Prashant Jha, The Hindu, aug 31

But, AIR says it does not have a recording of his famous August 11, 1947 address to Pakistan’s Constituent Assembly

India will hand over copies of two speech-recordings of Muhammad Ali Jinnah to Pakistan, but says it does not have a recording of his famous August 11, 1947 address to the country’s Constituent Assembly (CA).

The decision comes in response to a request by the Pakistan Broadcasting Corporation (PBC) and after a year-long battle by Right to Information activist Subhash Chandra Agrawal to access the recordings.

On March 29, 2012, the-then PBC Director General Murtaza Solangi wrote to the All India Radio (AIR) Director General Leeladhar Mandloi requesting him to provide a copy of Mr. Jinnah’s first presidential address to the CA in Karachi.

Mr. Solangi noted that he was told during his visit to the AIR in November 2011 that the speech was in the archives. In that speech, Mr. Jinnah had spoken of his vision of Pakistan as a state with equal citizens, irrespective of community, colour, caste and creed, and said people were free to go to their places of worship.

But AIR said that while it did not have a copy of that particular speech, it had two other recordings “We will hand over the copies of the recordings to Pakistan at the earliest. We have got clearances from the Ministry of Information and Broadcasting (I&B),” Mr Mandloi told The Hindu.

In one speech, delivered to Pakistan’s CA, Mr. Jinnah said it would be their constant effort to work for the welfare and well-being of “all the communities in Pakistan.” Stating that the “tolerance and goodwill” shown by Emperor Akbar was “not of recent origin,” he said that “13 centuries ago … our Prophet not only by words but deeds treated the Jews and Christians handsomely after he conquered them.”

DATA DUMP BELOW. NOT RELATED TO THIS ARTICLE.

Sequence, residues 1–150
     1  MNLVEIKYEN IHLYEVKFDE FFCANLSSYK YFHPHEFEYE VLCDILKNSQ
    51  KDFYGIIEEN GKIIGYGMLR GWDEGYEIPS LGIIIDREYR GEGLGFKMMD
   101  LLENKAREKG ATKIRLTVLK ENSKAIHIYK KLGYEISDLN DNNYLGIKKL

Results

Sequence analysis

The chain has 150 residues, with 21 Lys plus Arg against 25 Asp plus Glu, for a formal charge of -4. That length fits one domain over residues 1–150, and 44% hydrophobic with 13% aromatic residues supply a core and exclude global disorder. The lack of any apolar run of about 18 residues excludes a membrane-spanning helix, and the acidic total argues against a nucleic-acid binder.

Mr. Jinnah added that the “whole history of Muslims where they ruled is replete with those humane and great principles” and should be “followed and practised by us.” The message of Pakistan’s founding father assumes contemporary political relevance at a time of attacks on minorities in Pakistan.

The second speech is a direct address by Mr. Jinnah on June 3, 1947, right after the Transfer of Power plan was announced, discussing its implications and appealing to all to maintain “peace and order.”

In June last year, The Hindu reported details of PBC’s request to AIR. Mr. Agrawal attached the news clipping to file an application with AIR, seeking recording of the speech and other related information. He was initially told that recordings were being searched for and would take time, while it was later conveyed that these were under exemption provisions and could not be disclosed. AIR also referred the matter to the I&B Ministry and the Ministry of External Affairs (MEA).

Mr. Agrawal then appealed to the Central Information Commission, which issued an important order in June this year, stating it would be “regressive” for any public authority to “take the stand that everything related to Pakistan or the leaders who went over to Pakistan should be kept secret or confidential.” Chief Information Commissioner Satyanand Mishra added it was the “duty of the state” to make such records available freely to the public so that the “citizenry becomes informed and research scholars get valuable material.” He directed AIR to publish a list of all such recordings on their website, and said it was “high time” for authorities to take a final view on the Jinnah recordings and decide within two months.

The CIC order appears to have expedited the decision. On August 22, the I&B Ministry gave its clearance, paving the way for copies of the recording to be shared, and handed over to Pakistan.


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